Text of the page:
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We need a pre-signing medical

by Jan 27, 2014Sports Nutrition, Sports Science

We need a pre signing medical

My mobile rings, as usual, waking my wife before it wakes me. However as soon as I hear the ring I am fully aware it will be for me, and it will be work.

It’s 11:45pm with 2 days of the transfer window remaining and the club secretary is calling. I am told that a potential signing is arriving by plane from London the following morning. This automatically sets off a series of telephone calls between myself, our head physiotherapist, consultant radiologist and the local private hospital MRI Dept staff. A time is arranged for the MRI scan the following morning. Plans are made for the player to be transferred to the training ground for 8am where a medical will take place followed by the MRI. All medical staff required for the medical are made aware and alternative arrangements for routine medical treatment and training session cover is made. I then switch on the laptop and start a detailed Google search of the players history and look for previous injuries reported in the media.

Bright and early I am driving past media cameras camped at the training ground gates, they look very disappointed that it’s only me driving into work rather than a famous international footballer, although my car will probably still be shown repeatedly on Sky Sports News anyway until something “better” is filmed. They quickly disappear back into their vans and return to their flasks of coffee. I head to my office in the training ground with the head physio to wait for the player to arrive. When he does, a little later than planned, but that’s not exactly unusual, he is accompanied by an entourage of five. A number will be agents and often a relative and token friend or two. Transfer medicals are quite standard from club to club despite no formal “medical” being enforced by the FA, UEFA or FIFA. Certain elements of medical care are however advised and the signing medical usually includes these.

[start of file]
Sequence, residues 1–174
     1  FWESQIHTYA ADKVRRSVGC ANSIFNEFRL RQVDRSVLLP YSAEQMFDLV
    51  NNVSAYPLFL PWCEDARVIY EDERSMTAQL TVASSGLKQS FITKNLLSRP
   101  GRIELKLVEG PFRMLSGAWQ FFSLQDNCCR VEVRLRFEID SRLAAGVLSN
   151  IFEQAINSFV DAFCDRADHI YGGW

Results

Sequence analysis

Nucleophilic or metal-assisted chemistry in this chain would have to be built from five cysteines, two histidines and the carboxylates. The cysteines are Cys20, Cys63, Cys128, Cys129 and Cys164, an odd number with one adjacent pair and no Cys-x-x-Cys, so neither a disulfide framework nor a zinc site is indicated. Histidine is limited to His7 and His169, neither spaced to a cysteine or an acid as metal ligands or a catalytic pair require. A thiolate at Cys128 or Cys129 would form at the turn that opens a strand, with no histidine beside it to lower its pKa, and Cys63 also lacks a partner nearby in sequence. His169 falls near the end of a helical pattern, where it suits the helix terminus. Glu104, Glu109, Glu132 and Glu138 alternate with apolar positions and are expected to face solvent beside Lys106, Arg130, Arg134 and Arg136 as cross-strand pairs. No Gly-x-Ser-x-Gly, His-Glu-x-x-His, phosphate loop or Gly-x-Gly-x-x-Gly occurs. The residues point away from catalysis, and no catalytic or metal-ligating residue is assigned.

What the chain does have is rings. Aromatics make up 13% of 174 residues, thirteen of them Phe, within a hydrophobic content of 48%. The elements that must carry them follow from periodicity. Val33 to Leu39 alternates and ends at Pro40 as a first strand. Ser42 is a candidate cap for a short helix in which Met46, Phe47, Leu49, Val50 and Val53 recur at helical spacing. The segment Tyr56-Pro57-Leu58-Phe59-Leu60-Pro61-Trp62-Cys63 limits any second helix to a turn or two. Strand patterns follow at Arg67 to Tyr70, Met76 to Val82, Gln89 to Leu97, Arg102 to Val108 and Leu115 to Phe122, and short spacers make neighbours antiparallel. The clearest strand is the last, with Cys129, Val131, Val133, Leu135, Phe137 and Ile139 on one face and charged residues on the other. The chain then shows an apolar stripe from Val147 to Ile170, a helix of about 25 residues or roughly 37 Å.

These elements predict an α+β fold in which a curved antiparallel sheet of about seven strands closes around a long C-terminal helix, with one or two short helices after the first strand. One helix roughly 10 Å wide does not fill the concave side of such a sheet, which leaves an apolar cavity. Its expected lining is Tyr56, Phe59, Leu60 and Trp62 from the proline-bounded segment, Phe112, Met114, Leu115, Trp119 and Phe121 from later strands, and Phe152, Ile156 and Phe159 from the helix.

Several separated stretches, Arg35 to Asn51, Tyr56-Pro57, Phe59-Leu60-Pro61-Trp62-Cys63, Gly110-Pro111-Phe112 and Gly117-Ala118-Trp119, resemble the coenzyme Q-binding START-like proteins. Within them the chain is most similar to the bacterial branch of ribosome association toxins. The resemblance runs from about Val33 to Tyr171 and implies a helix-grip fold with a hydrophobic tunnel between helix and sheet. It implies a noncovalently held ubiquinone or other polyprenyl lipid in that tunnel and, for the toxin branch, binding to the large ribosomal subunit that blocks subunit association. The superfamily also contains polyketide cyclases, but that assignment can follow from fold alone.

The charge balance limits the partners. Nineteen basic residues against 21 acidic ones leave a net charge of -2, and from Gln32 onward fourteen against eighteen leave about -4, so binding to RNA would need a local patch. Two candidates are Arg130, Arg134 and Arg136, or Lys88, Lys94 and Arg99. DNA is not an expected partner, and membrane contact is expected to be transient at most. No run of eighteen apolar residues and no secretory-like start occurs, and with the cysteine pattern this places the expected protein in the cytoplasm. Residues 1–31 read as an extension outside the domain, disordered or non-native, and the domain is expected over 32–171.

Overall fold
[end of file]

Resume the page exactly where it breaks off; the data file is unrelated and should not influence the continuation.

Consent is taken from the player to undergo the medical and for details to be shared with the club CEO and manager. The medical then starts in earnest. A history of his playing record is taken and this is compared to a “Scout 7” report available on all players. This is compiled by scouts who have watched the payer over a number of years with comments attached but the playing record is more useful for the medical staff. A medical history is gained in a similar process to that of any standard “medical insurance examination” carried out by a GP, with a much greater emphasis based upon the musculoskeletal history and previous injuries. It is quite incredible that very few players attending to sign for a new club recall sustaining any injuries at all! The Google information however often seems to jog their memories!

bale presigning medical